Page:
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The World-Time Parallel
Tense and Modality in Logic and Metaphysics

$36.00 ( ) USD

$36.00 ( ) USD
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About the Authors
  • Is what could have happened but never did as real as what did happen? What did happen, but isn't happening now, happened at another time. Analogously, one can say that what could have happened happens in another possible world. Whatever their views about the reality of such things as possible worlds, philosophers need to take this analogy seriously. Adriane Rini and Max Cresswell exhibit, in an easy step-by-step manner, the logical structure of temporal and modal discourse, and show that every temporal construction has an exact parallel that requires a language that can refer to worlds, and vice versa. They make precise, in a way which can be articulated and tested, the claim that the parallel is at work behind even ordinary talk about time and modality. The book gives metaphysicians a sturdy framework for the investigation of time and modality – one that does not presuppose any particular metaphysical view.

    • First ever book-length study of the parallel
    • Establishes the importance and use of logic in understanding what is at stake in the metaphysics of time and modality
    • Starts at the beginning, and is essentially self-contained
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    Reviews & endorsements

    "This book advertises itself as an exploration of the world-time parallel, that is, the parallel between the modal dimension, on the one hand, and the temporal dimension, on the other. It is that, and much more.... this book is of interest to anyone who desires clarity about propositional content, de se knowledge (and indexicality more generally) and of course tense and modality … The book is rich with careful detail. It is full of places where various confusions are cleared away … there is so much packed into the various discussions that it is difficult to know where to start a review …"
    Kristie Miller, Philosophy in Review

    "… Rini and Cresswell offer an account of various kinds of propositions as sets of indices, and look at the possibility that truth at an index can be given an analysis in terms of a primitive notion of actual present truth … present an indexical semantics for temporal operators, and a parallel indexical semantics for modal operators … Rini and Cresswell show how to provide a semantics in terms of times and worlds for a tense and modal predicate language …"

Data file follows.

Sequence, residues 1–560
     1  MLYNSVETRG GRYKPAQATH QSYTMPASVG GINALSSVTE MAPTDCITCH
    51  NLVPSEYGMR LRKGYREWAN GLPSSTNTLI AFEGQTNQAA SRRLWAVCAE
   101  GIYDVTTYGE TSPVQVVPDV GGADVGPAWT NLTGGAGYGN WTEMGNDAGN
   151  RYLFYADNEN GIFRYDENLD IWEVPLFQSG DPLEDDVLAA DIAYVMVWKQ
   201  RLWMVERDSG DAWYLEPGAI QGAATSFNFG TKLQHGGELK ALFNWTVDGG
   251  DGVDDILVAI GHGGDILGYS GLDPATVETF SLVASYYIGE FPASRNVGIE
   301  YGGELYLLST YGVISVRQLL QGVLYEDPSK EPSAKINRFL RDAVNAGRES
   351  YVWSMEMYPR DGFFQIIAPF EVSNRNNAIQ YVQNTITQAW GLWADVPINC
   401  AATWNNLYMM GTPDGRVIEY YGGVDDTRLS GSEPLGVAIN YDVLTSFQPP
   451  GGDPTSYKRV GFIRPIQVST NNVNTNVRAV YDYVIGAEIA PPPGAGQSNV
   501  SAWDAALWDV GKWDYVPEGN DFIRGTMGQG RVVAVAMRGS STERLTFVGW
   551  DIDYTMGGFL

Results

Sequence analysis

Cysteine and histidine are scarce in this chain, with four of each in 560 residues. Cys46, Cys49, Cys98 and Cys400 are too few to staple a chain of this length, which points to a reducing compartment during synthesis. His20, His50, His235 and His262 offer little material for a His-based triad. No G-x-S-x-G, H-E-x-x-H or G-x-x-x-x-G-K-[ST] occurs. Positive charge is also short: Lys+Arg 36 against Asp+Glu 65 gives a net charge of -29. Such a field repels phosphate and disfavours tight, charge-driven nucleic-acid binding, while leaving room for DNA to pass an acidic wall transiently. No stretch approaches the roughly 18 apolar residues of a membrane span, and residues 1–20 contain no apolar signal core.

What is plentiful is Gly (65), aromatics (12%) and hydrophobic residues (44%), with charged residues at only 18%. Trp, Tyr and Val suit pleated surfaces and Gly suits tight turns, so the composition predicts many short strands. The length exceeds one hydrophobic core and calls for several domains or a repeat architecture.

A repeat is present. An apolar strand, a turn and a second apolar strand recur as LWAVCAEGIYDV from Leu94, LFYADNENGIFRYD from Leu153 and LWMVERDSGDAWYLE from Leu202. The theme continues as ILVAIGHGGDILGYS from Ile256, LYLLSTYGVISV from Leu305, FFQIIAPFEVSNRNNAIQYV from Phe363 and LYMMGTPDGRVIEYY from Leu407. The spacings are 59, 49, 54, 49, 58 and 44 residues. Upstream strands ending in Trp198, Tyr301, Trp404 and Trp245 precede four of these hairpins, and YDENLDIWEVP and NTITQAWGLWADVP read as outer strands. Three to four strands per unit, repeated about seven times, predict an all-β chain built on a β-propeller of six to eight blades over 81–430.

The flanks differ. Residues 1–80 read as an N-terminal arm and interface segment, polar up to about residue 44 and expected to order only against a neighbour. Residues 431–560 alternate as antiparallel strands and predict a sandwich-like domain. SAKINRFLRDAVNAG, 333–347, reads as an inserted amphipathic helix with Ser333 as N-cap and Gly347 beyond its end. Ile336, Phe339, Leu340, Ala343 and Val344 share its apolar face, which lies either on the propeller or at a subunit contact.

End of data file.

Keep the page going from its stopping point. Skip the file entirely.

George Lăzăroiu, Review of Contemporary Philosophy

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    Product details

    • Date Published: February 2012
    • format: Adobe eBook Reader
    • isbn: 9781139211857
    • availability: Adobe Reader ebooks available from
  • Table of Contents

    Part I. Truth and Indexicality:
    1. Semantical indices
    2. Philosophical entities
    3. Situated truth
    4. The privileged position
    Part II. Predicate Logic: Tense and Modal:
    5. A formal language
    6. The non-existent
    7. Multiple indexing
    8. Time and world quantifiers
    Part III. Times and Worlds, or Tense and Modality?:
    9. Primitive modality and primitive tense
    10. 'Modalism' and 'tensism'
    11. The present and the actual
    12. Utterances
    13. Relativity
    Part IV. De Rerum Natura:
    14. Individuals and stages
    15. Predicate wormism
    16. Abstract and concrete
    17. Supervenience
    Appendix 1. The equivalence of Lmulti, Lxtw and Li
    Appendix 2. Language and metalanguage
    Appendix 3. Plantinga's metaphysics
    Appendix 4. Interval semantics
    Appendix 5. Fatalism and the world-time parallel (with H. Kocurek)

  • Authors

    A. A. Rini, Massey University, Auckland, New Zealand
    Max Cresswell is Professor in the School of History, Philosophy, Political Science and International Relations at the Victoria University of Wellington. He has published ten books, including Entities and Indices (1990), Language in the World (Cambridge University Press, 1994) and, with G. E. Hughes, A New Introduction to Modal Logic (1996).

    M. J. Cresswell, Victoria University of Wellington
    Adriane Rini is a Senior Lecturer in Philosophy at Massey University, New Zealand. She is the author of Aristotle's Modal Proofs (2011).

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